passports_v1This one's a re-post from the archives, oldie but goodie:

Expats on assignment form different levels of attachment to their new location. Do you recognize yourself in these "allegiance patterns"? Black and Gregersen (1992) defined the following five:

"Hired Gun Free Agents" feel neither particularly committed to their home nor host country company, but are always open for newer and better job opportunities. They are hired international experts who might cost slightly less than a home country expatriate, but at the same time might leave the assignment on short notice if a better offer presents itself.

The "Plateaued-Career Free Agents," as the name implies, tend to not show high commitment to neither home nor host country due to their feeling of having reached a career plateau. They typically come from inside the home country and might be attracted by the financial package an overseas assignment entails, but do not see themselves achieving promotion in the home country.

In the case of an expatriate showing signs of "Going Native," the allegiance pattern shows high levels of commitment to the local operations but not to the parent company. These expatriates are able to identify strongly with the host country's culture, language and business practices. The parent company might be able to prevent "losing" an expatriate to the local operation, or indeed another company in that country, by establishing a mentor program. The mentor will be in the home country, keeping in close contact with the expatriate during his or her assignment and help them with finding a position upon repatriation.

Contrary to the previous pattern, expatriates can also leave their "Hearts at Home," feeling highly committed to the home country but not so much to the local operation. They will find it hard identifying with the host country's culture, language and business practices. "Hearts at home"rs tend to have lived and worked for the parent company a very long time and have strong ties. Their expat deal will be sweetened by using modern telecommunication, video conferencing, and regular home visits.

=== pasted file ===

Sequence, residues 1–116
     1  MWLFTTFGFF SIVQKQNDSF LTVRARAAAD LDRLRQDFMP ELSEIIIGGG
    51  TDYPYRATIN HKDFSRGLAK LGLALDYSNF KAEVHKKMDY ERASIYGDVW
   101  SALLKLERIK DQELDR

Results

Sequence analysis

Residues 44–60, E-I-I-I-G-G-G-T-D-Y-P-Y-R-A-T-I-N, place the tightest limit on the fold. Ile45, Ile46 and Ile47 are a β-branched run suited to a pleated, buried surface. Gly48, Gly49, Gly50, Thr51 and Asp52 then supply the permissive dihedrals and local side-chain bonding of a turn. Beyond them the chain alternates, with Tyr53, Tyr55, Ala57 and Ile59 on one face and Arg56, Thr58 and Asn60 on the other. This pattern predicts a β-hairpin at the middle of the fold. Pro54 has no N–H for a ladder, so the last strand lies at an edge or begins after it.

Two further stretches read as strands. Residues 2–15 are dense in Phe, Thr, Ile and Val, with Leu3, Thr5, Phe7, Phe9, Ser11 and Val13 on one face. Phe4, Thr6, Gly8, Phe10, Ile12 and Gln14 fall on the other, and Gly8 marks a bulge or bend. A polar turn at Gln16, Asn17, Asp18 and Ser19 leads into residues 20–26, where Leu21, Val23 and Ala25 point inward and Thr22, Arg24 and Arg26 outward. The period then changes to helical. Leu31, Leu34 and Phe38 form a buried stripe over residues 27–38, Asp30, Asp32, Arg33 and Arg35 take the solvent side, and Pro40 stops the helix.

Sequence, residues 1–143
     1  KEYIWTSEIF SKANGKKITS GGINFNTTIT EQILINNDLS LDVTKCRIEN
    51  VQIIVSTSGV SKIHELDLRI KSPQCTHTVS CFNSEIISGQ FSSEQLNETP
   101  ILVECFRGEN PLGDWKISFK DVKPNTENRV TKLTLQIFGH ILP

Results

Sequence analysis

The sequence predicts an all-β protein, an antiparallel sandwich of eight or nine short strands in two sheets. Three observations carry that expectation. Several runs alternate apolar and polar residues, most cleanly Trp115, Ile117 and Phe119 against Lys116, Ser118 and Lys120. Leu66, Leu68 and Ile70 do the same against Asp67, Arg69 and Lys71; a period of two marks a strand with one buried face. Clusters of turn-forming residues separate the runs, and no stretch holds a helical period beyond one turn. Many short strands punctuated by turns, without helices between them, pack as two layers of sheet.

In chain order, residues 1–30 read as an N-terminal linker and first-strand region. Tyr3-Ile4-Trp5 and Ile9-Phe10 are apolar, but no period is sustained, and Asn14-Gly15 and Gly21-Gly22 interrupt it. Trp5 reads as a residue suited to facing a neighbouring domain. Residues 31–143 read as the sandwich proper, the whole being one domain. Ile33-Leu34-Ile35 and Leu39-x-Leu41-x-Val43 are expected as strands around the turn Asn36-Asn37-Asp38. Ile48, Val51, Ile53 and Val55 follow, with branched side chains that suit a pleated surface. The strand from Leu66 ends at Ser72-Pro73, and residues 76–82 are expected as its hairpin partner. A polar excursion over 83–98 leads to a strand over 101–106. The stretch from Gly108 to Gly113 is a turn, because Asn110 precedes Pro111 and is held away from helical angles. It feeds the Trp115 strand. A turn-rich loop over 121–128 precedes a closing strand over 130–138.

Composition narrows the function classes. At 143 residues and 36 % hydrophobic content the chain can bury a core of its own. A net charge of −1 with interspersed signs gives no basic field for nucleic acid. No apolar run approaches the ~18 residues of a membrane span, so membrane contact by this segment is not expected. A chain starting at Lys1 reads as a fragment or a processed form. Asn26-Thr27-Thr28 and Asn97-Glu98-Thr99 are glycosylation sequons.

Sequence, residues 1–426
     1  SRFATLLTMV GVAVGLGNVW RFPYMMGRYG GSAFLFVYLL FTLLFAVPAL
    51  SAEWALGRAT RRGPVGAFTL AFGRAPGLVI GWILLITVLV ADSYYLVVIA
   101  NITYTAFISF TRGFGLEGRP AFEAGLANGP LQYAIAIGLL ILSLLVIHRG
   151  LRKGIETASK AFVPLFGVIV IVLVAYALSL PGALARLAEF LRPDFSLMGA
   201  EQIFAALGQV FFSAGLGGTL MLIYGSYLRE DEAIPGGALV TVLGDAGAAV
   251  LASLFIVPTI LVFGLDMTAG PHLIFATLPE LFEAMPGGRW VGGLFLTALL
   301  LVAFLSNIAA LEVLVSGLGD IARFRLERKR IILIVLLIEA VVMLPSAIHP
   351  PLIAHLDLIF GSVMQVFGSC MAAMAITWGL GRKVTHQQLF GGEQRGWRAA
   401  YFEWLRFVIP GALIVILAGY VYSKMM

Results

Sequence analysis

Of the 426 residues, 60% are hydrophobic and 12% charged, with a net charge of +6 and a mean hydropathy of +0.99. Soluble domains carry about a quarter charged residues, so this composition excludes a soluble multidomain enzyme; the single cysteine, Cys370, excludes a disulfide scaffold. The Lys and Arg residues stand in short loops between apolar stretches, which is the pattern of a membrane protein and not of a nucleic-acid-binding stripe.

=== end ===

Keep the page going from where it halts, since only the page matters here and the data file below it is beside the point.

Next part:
Probably the most desirable pattern is called "Dual Citizen." Expatriates falling into this category are highly committed to both home and host country operation and feel responsible for and comfortable with serving both "masters." It is interesting to note at this point that depending on the culture the expatriate is from, he or she might be culturally 'programmed' to be uncomfortable with having to obey two leaders.

Companies can help their expatriates become "dual citizens" by thoroughly preparing them for their assignment, giving them very clear objectives and a clear repatriation plan from the very beginning. Autonomy in how to achieve the objectives help the expatriate develop a flexibility that will make the assignment easier.

Black and Gregersen (1992) found "Dual Citizen"-expatriates to be less likely to end an assignment prematurely and to have a higher probability of staying with the firm after repatriation. They also concluded that the expectations, demands and objectives of the assignment can determine the form of commitment. If a "role conflict" occurs, it is hard for the expatriate to feel responsible for the outcomes and he or she will thus be less committed to either side of the company.

A similar effect can be witnessed with "role ambiguity." Hence a clear set of expectations and objectives as well as a clear repatriation plan are most important for the expatriate to feel safe and concentrate on a successful assignment. The authors found the "most powerful factor in creating dual allegiance" being "role discretion." The freedom to decide what has to be done how and when in order to achieve the objectives gives expats a sense of ownership and thus makes them feel responsible for their actions and the outcomes.

Any personal opinions and experiences you'd like to add? Thank you for leaving a comment!

Resource:

Black, J. Stewart and Gregersen, Hal B. (1992) Serving two masters: Managing the dual allegiance of expatriate employees, Sloan Management Review, p61

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